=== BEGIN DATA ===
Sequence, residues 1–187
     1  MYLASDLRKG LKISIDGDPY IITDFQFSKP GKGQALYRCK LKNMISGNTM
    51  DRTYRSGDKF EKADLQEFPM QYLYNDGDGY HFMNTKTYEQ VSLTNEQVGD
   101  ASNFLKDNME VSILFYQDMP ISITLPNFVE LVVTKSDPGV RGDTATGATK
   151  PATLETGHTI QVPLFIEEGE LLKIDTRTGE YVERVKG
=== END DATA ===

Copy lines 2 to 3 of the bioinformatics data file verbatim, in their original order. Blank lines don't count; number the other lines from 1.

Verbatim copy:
     1  MYLASDLRKG LKISIDGDPY IITDFQFSKP GKGQALYRCK LKNMISGNTM
    51  DRTYRSGDKF EKADLQEFPM QYLYNDGDGY HFMNTKTYEQ VSLTNEQVGD